Laplace's demon

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French scholar Pierre-Simon de Laplace (1749–1827)

In the history of science, Laplace's demon was a notable published articulation of causal determinism on a scientific basis by Pierre-Simon Laplace in 1814.[1] According to determinism, if someone (the demon) knows the precise location and momentum of every atom in the universe, their past and future values for any given time are entailed; they can be calculated from the laws of classical mechanics.[2]

Discoveries and theories in the decades following suggest that some elements of Laplace's original writing are wrong or incompatible with our universe. For example, irreversible processes in thermodynamics suggest that Laplace's "demon" could not reconstruct past positions and moments from the current state.

English translation[edit]

We may regard the present state of the universe as the effect of its past and the cause of its future. An intellect which at a certain moment would know all forces that set nature in motion, and all positions of all items of which nature is composed, if this intellect were also vast enough to submit these data to analysis, it would embrace in a single formula the movements of the greatest bodies of the universe and those of the tiniest atom; for such an intellect nothing would be uncertain and the future just like the past could be present before its eyes.

— Pierre Simon Laplace, A Philosophical Essay on Probabilities[3]

This intellect is often referred to as Laplace's demon (and sometimes Laplace's Superman, after Hans Reichenbach). Laplace himself did not use the word "demon", which was a later embellishment. As translated into English above, he simply referred to: "Une intelligence ... Rien ne serait incertain pour elle, et l'avenir, comme le passé, serait présent à ses yeux." This idea seems to have been widespread around the time that Laplace first expressed it in 1773, particularly in France. Variations can be found in Maupertuis (1756), Nicolas de Condorcet (1768), Baron D'Holbach (1770), and an undated fragment in the archives of Diderot.[4] Recent scholarship suggests that the image of a super-powerful calculating intelligence was also proposed by Roger Joseph Boscovich in his 1758 Theoria philosophiae naturalis.[5]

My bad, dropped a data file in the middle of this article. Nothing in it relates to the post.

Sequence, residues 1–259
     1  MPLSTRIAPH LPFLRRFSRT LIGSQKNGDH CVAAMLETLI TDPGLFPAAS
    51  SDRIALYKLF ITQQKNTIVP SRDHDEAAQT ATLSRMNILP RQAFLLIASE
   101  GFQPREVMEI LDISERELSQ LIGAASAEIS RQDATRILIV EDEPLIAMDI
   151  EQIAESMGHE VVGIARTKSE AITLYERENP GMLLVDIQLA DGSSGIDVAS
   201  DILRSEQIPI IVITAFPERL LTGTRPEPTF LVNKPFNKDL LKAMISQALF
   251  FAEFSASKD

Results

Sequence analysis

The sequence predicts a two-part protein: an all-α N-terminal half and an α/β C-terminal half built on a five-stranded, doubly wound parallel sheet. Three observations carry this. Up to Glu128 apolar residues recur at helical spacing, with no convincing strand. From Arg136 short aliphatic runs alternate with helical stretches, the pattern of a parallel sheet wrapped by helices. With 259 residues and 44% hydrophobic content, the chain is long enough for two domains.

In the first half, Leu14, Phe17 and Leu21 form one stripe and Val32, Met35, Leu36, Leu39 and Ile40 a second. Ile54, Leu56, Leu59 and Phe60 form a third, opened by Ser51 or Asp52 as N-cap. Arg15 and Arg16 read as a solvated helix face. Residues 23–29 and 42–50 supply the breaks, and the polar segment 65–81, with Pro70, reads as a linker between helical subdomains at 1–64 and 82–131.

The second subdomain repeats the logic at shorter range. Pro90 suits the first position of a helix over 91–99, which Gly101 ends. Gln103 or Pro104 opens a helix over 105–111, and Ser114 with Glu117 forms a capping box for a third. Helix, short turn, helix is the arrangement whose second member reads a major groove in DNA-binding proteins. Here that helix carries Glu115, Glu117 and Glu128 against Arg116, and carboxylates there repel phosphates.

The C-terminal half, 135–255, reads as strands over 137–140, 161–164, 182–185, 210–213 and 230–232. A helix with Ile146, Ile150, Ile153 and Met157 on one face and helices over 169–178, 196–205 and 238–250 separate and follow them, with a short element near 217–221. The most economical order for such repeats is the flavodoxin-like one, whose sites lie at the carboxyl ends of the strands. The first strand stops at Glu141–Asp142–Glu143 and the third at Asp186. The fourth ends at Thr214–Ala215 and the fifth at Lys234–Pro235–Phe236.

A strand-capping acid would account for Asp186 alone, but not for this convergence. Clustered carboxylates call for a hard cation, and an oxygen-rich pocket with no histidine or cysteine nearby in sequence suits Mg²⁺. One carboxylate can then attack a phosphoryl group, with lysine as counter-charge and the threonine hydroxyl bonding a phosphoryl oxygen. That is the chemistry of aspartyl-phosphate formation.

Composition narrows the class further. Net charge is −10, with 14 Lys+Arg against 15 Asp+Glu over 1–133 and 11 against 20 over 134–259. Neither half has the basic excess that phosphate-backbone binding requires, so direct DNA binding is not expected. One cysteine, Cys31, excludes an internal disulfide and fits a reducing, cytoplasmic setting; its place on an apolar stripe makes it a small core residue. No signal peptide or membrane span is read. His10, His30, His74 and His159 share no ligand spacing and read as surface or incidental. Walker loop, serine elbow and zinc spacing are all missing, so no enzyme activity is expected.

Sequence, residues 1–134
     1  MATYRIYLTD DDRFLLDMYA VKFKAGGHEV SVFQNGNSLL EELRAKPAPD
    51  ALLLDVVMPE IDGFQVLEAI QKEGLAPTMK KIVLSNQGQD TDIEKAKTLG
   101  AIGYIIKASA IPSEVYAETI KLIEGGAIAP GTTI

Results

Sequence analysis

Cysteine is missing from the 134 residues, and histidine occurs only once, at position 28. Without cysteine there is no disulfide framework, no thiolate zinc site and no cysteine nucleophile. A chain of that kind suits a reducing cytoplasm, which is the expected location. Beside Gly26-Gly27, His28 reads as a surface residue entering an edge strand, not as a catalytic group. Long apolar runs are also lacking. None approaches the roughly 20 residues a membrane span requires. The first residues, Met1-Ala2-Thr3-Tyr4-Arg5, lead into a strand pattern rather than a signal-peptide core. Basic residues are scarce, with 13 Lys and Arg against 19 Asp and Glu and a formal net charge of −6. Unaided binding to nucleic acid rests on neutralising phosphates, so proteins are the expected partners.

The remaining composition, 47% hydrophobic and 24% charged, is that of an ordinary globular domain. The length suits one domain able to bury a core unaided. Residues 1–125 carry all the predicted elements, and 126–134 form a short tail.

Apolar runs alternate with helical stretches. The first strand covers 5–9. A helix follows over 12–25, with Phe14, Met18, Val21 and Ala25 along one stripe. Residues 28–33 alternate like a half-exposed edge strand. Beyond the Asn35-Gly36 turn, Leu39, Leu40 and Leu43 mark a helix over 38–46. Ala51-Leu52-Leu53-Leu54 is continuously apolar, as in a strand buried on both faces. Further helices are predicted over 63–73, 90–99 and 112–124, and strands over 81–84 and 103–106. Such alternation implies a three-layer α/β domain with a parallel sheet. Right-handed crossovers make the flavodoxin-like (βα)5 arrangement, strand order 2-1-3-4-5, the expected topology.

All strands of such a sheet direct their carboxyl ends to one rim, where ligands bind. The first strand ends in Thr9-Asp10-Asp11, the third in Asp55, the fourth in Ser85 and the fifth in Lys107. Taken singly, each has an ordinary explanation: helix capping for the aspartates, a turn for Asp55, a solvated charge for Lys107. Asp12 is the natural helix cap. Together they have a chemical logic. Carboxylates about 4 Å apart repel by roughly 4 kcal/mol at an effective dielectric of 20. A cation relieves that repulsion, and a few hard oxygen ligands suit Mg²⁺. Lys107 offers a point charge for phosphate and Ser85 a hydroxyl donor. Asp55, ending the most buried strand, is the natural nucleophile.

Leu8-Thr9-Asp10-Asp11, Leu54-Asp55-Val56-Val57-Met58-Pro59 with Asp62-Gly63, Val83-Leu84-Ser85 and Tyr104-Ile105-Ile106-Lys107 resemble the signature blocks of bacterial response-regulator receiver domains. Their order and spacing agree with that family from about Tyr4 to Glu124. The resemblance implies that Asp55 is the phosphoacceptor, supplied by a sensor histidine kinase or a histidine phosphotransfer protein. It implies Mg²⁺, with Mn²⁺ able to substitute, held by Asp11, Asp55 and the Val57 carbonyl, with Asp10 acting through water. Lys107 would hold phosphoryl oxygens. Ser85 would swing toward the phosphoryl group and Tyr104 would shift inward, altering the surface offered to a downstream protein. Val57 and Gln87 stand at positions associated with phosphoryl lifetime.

Arguments against Laplace's demon[edit]

Thermodynamic irreversibility[edit]

According to chemical engineer Robert Ulanowicz, in his 1986 book Growth and Development, Laplace's demon met its end with early 19th century developments of the concepts of irreversibility, entropy, and the second law of thermodynamics. In other words, Laplace's demon was based on the premise of reversibility and classical mechanics; however, Ulanowicz points out that many thermodynamic processes are irreversible, so that if thermodynamic quantities are taken to be purely physical then no such demon is possible as one could not reconstruct past positions and momenta from the current state.

Maximum entropy thermodynamics takes a very different view, considering thermodynamic variables to have a statistical basis which is separate from the deterministic microscopic physics.[6] However, this theory has met criticism regarding its ability to make predictions about physics; a number of physicists and mathematicians, including Yvan Velenik of the Department of Mathematics for the University of Geneva, have pointed out that maximum entropy thermodynamics essentially describes our knowledge about a system but does not describe the system itself.[7]

Quantum mechanical irreversibility[edit]

Due to its canonical assumption of determinism, Laplace's demon is incompatible with the Copenhagen interpretation, which stipulates indeterminacy. The interpretation of quantum mechanics is still very much open for debate and there are many who take opposing views (such as the Many Worlds Interpretation and the de Broglie–Bohm interpretation).[8]

Chaos theory[edit]

Chaos theory is sometimes pointed out as a contradiction to Laplace's demon: it describes how a deterministic system can nonetheless exhibit behavior that is impossible to predict: as in the butterfly effect, minor variations between the starting conditions of two systems can result in major differences.[9] While this explains unpredictability in practical cases, applying it to Laplace's case is questionable: under the strict demon hypothesis all details are known—to infinite precision—and therefore variations in starting conditions are non-existent. Put another way: Chaos theory is applicable when knowledge of the system is imperfect, whereas Laplace's demon assumes perfect knowledge of the system, therefore the variability leading to chaos in chaos theory and non-variability in the knowledge of the world Laplace's demon holds are noncomparable.